A systematic comparison of deforestation drivers and policy effectiveness across the Amazon biome

Peer Reviewed
16 June 2023

Aline Hänggli, Samuel A Levy, Dolors Armenteras, C Isabella Bovolo, Joyce Brandão, Ximena Rueda, Rachael D Garrett

The Amazon biome, spanning nine countries, has one of the highest rates of deforestation worldwide. This deforestation contributes to biodiversity loss, climate change, the spread of infectious diseases, and damage to rural and indigenous livelihoods. Hundreds of articles have been published on the topic of deforestation across Amazonia, yet there has been no recent synthesis of deforestation drivers and deforestation-control policy effectiveness in the region. Here we undertook the first systematic review of papers published between 2000 and 2021 that have causally linked proximate and underlying drivers and policies to deforestation outcomes in Amazonia. In the 155 articles that met our inclusion criteria, we find that causal research is concentrated in Brazil, and to a lesser degree Peru, Ecuador, and Bolivia. There has been little study of the Guianas, Venezuela or Colombia. Large- and small-scale agriculture linked to improved market access and high agricultural prices are frequently researched underlying drivers of deforestation across the heavily researched regions. In the Guianas research focuses on mining with little focus on underlying causes. Research on infrastructure expansion, mining, and oil extraction and on technological, sociocultural, and institutional factors remains sparse. Many public and private policies have been found to be effective in controlling deforestation across the biome, with protected areas and public policies standing out as particularly successful in slowing deforestation vis-à-vis supply chain approaches. Frontier age, land tenure, and policy interactions are key moderating factors affecting the outcomes of different underlying causes and policies. Our findings indicate a greater need for research on (i) additional deforestation drivers beyond agriculture and economic factors, (ii) the complex interactions between different drivers and deforestation control policies, (iii) causes underlying deforestation in low or new deforestation areas, and (iv) the dynamics between Amazonian subregions and countries. Understanding the extent and diversity of deforestation drivers and effectiveness of existing deforestation mitigation policies across Amazonia is a necessary first step toward designing policies to further reduce deforestation in the biome.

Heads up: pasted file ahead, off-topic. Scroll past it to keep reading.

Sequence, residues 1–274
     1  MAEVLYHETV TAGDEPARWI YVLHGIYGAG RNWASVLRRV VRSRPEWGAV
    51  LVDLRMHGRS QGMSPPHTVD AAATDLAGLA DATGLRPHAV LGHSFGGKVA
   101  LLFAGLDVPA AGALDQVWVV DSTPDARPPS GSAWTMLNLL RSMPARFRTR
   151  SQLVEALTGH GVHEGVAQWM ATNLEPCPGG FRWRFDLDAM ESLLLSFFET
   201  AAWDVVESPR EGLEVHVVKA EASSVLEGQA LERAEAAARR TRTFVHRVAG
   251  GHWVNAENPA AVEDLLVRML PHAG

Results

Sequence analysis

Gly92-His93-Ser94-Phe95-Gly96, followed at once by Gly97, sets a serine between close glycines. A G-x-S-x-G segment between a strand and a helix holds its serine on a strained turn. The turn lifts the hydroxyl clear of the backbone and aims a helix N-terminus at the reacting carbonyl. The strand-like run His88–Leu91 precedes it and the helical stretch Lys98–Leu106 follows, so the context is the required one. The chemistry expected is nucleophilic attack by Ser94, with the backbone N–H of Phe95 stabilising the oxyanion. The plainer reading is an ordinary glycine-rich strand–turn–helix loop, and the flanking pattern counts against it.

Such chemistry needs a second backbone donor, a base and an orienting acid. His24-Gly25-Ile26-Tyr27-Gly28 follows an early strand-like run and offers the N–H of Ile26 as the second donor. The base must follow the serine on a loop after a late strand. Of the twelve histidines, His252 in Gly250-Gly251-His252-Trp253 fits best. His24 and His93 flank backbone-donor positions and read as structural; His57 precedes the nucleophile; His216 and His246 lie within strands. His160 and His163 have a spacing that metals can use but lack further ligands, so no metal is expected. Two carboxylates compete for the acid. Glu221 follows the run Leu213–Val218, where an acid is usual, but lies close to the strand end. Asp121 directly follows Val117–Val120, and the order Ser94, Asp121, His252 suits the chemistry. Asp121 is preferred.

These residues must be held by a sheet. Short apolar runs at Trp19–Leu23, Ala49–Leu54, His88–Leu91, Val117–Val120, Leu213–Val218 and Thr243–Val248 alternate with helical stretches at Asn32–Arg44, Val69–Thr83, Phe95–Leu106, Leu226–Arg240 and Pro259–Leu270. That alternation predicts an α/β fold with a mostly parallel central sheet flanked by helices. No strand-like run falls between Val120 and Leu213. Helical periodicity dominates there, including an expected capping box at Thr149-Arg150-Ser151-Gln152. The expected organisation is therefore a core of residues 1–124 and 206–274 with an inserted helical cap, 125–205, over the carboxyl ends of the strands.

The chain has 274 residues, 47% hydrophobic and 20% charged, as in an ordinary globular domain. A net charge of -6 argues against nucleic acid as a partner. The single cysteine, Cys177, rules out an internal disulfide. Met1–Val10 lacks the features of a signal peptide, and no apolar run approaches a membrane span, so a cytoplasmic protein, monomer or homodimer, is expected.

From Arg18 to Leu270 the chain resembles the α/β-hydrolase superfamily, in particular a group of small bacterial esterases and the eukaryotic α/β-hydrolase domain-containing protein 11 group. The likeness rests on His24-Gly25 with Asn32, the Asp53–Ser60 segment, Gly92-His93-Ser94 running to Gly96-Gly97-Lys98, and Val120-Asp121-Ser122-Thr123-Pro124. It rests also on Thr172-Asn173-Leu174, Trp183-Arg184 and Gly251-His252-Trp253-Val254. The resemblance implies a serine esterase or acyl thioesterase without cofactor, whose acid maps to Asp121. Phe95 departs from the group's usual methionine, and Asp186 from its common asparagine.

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Publication reference
Hänggli, A., Levy, S. A., Armenteras, D., Bovolo, C. I., Brandão, J., Rueda, X., & Garrett, R. D. (2023). A systematic comparison of deforestation drivers and policy effectiveness across the Amazon biome. Environmental Research Letters, 18(7), 073001. https://doi.org/10.1088/1748-9326/acd408
Publication | 27 July 2023